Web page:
Understand ways to end case blocks in C#

There are several ways that you can exit case blocks in a switch statement. For example, consider the following code.

string result = "";
int control = 1;
switch (control)
    case 1:
    case 2:
        result = "One or two";
    case 3:
        result = "Three";
        for (; ; ) ;
    case 4:
        result = "Four";
        while (true) ;
    case 5:
        result = "Five";
    case 6:
        result = "Six";
        throw new ArgumentException();
    case 7:     // This one isn't allowed.
        result = "Seven";
        while (control == 7)


A switch statement contains a series of case blocks. You can place multiple case statements together in a block to make all of the cases execute the same code, but you cannot allow one block of code to fall through to the next block.

For example, in the code above cases 1 and 2 both execute the same block of code.

Most developers expect to see a break statement at the end of each case block, but there are other ways that you can end case blocks.

Usually, each block of code ends in a break statement to make execution jump out of the switch statement, but any code that prevents execution from dropping into the next block will work. As the code above demonstrates, a block can also end in an infinite for loop, an infinite while loop, a return statement, or a throw statement because all of those prevent execution from falling into the next case block.

The final case statement doesn’t work because the compiler isn’t smart enough to realize that the code doesn’t change the value of the variable control so that loop can never end.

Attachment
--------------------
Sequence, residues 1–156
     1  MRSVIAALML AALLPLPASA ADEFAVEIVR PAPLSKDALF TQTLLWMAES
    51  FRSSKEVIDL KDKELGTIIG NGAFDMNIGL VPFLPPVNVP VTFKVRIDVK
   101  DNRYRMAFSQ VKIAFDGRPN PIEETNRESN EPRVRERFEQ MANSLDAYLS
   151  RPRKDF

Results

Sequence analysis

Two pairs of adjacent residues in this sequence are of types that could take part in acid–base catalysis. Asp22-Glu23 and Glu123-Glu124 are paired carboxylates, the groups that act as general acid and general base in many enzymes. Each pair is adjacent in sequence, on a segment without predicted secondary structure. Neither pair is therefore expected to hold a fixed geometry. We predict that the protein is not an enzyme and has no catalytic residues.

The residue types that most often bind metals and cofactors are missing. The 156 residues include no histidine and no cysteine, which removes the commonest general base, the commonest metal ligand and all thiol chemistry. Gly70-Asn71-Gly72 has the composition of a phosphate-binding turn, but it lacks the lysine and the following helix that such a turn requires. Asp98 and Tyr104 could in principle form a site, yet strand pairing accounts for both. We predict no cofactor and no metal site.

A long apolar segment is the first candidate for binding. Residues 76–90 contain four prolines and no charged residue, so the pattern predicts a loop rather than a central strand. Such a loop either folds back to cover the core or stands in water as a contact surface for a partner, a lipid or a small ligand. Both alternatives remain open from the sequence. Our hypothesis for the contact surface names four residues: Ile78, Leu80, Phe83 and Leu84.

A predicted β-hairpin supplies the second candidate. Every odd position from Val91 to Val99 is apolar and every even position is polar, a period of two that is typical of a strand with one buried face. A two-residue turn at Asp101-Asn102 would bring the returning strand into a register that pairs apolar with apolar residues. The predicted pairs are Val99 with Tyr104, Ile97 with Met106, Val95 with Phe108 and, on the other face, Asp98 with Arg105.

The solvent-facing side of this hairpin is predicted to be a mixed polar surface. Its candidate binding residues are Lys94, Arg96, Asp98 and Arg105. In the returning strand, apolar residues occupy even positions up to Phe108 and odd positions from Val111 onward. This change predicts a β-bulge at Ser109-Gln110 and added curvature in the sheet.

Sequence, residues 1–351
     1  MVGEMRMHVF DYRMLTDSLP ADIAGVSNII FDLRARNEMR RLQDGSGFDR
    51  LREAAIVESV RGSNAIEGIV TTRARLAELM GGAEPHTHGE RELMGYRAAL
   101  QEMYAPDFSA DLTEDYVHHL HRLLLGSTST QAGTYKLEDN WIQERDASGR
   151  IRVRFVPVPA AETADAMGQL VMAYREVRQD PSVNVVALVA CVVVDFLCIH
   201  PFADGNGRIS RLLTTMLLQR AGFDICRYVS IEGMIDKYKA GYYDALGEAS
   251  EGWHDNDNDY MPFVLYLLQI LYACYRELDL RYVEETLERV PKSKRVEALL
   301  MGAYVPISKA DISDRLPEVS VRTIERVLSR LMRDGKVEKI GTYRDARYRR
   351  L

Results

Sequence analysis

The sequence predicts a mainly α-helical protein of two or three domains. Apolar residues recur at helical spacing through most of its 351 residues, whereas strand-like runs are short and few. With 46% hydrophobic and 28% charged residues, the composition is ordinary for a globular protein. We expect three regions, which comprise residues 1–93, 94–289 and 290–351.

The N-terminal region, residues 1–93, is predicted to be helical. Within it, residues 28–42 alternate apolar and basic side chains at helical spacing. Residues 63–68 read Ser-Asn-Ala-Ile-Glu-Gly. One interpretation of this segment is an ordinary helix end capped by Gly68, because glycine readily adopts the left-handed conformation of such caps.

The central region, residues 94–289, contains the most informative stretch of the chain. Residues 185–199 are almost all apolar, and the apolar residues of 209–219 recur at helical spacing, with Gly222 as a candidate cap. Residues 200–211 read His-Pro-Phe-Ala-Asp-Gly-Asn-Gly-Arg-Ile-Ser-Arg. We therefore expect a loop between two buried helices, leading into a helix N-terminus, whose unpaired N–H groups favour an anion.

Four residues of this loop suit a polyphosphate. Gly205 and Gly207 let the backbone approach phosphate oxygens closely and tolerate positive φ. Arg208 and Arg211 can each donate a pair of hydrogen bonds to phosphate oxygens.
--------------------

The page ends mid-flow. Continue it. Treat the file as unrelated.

In fact, that block doesn’t work even if you change that statement to while (true || (control == 7)) even though you can easily see that the loop can never end.

Download Example   Follow me on Twitter   RSS feed   Donate

This entry was posted in syntax and tagged , , , , , , , , , , . Bookmark the permalink.

2 Responses to Understand ways to end case blocks in C#

  1. Dude says:

    I’ve used return and throw statements. But can you give a practical example of when you’d end in an infinite loop?

  2. Rod Stephens says:

    Good reasons for using infinite loops are a bit unusual. This post is more to explain what’s possible not to suggest these are all good ideas.

    But for example, suppose you need the user to enter an integer in a range (or some other piece of data that must be validated). You can enter a loop sort of like this:

     for (;;)
    if (InputIsValid()) return;

    Basically the loop continues until the user gives you a valid input. Then it exits the method. (Visual Studio is smart enough to know that a break statement will exit the infinite loop and drop you into the next case statement, so you can’t use a break statement here.)

    This approach works any time you want to stay in a loop until the user enters or selects a valid condition. For example, the user might need to select a file with a certain format. (In these cases, you can rewrite the code to use a while loop instead of an infinite loop if you like.)

    For another example, suppose you’re writing a system service that monitors a directory and processes any files that appear in it. Perhaps it takes image files, resizes them, and moves them into a different directory. (I had a client who needed to do that with several directories. Basically it’s a kind of spooler.) When it starts, the program could use a switch statement to check some condition (perhaps a command line parameter) to decide which directory it should monitor. It would then enter an infinite loop to process the appropriate directory. In this example, you many not need the loop to ever exit.

Leave a Reply

Your email address will not be published. Required fields are marked *